When desperate Afghans resort to selling their belongings to buy food, international officials are preparing to fly in cash to those in need while avoiding Taliban government funding, according to people familiar with the secret plans.
Cash airlift plans are moving ahead against a backdrop of a rapidly crumbling economy where money is scarce, though diplomats are still debating whether Western powers can demand that the Taliban make concessions in return, seen by Reuters. According to internal policy documents.
Emergency funding aimed at averting a humanitarian crisis in the face of drought and political turmoil, US dollar bills for distribution through banks in payments of less than $200 directly to the poor, with the Taliban’s blessings but without their participation can flow into Kabul. .
As well as flying in cash to prevent an immediate crisis, donor countries want to set up a “humanitarian-plus” trust fund that will pay salaries and keep schools and hospitals open, two senior officials said.
Many Afghans have started selling their wealth to pay for scarce food forever. According to the World Bank, the departure of the US-led military and several international donors robbed the country of grants, which financed 75% of public spending.
The West’s unconventional strategy reflects the dilemma it is facing. Still eager to help Afghanistan after two decades of war, and also hate paying money to the Taliban, who seized power in August and still between 1996, to stop mass migration The rigid way of ruling the country has not shown significant change. 2001.
The United Nations has warned that 14 million Afghans face starvation. Mary-Ellen McGarty, director of the United Nations World Food Program Afghanistan, said the cash crunch could cause the economy to collapse.
“Many parents are skipping meals so their kids can eat,” she said. In recent days, Western diplomats and officials have stepped up efforts to establish a cash lifeline.
The United Nations World Food Program has distributed about 10 million Afghans ($110,000) in cash through a local bank and intends to deliver soon, said a person with knowledge of the situation. Cash Run is a test for big air deliveries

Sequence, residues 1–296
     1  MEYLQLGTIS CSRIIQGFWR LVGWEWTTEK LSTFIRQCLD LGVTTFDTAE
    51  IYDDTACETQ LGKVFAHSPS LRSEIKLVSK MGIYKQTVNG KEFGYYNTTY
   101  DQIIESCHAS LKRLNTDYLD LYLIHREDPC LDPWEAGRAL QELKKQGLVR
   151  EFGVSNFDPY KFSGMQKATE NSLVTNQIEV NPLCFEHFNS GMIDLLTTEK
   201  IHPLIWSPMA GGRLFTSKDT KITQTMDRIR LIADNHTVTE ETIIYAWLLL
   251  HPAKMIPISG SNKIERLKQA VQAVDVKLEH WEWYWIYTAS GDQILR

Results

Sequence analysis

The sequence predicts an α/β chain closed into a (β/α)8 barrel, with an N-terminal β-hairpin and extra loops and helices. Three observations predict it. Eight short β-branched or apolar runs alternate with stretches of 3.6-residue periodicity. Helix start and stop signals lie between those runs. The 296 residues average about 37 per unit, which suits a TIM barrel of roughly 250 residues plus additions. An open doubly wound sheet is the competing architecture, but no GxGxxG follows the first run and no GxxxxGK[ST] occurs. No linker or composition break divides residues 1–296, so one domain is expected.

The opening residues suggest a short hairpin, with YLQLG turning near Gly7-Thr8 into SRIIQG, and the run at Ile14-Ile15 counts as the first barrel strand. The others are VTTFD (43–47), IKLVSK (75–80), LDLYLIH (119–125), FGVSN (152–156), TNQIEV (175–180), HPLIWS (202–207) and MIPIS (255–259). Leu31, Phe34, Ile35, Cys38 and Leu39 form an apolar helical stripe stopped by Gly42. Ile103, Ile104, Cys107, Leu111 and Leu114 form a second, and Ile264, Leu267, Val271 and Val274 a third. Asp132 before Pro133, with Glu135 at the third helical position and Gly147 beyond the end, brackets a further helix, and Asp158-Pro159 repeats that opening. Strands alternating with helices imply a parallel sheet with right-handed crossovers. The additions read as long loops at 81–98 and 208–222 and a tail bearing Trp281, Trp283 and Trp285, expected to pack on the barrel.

Dollars from Pakistan, the person said.
A senior diplomat said two approaches were being considered that would inject cash into the Afghan economy. Both are in the planning stage. Under the first plan, the World Food Program would fly in cash and distribute it directly to people to buy food, which the agency is already doing on a smaller scale.
The second approach would be to look at the cash flows from the banks to the United Nations. The diplomat said it would be used to pay salaries to employees of UN agencies and non-governmental organisations.
A third person said UN officials had spoken to Afghan banks about opening up cash distribution channels.
“No one wants to rush to recognize the Taliban, but we need to deal with them. The question is not… but how.” A spokesman for the World Food Program said it killed nearly 4 million people in September. which was almost three times the number of August, mainly with food, and some cash aid was given in Kabul.
The spokesman said the cash crunch is also affecting the mill owners and truck drivers with whom he used to work.
$9 billion leverage
Separately, the European Union, Britain and the United States have discussed bypassing the Afghan government and setting up an international trust fund to finance local services, according to two officials with knowledge of the matter.
The Taliban did not immediately respond to requests for comment on the cash airlift plans. A US Treasury spokesman said it would allow humanitarian aid through independent international and non-governmental organizations while “denying assets” to the Taliban and approving its leaders.
The Kabul government has little to back down. The central bank, with $9 billion in frozen offshore assets, has burned out most of its reserves at home. Shah Mahrabi, an official who helped oversee the bank before the Taliban came to power and is still in his post, recently appealed for the release of foreign reserves.
“If reserves remain piling up, Afghan importers will not be able to pay for their shipments, banks will begin to collapse, food will become scarce,” he said. But there is also a debate about whether strings should be connected for cash issuance. In a paper written last month and seen by Reuters, French and German officials outlined their purpose to use the money as a “lever” to put pressure on the Taliban.
In the two-page report, officials said, “Countries can condition the political … the legitimacy of the Taliban to the commitments they will be willing to take.” stated in the note. Increasing the possibility of freeing Afghan reserves held abroad.
In a separate diplomatic note, French and German officials outlined five demands to be made to the Taliban. These include allowing Afghans to do so, “severing ties with terrorist organizations”, allowing access to humanitarian aid. Respect for human rights and the establishment of an “inclusive government”.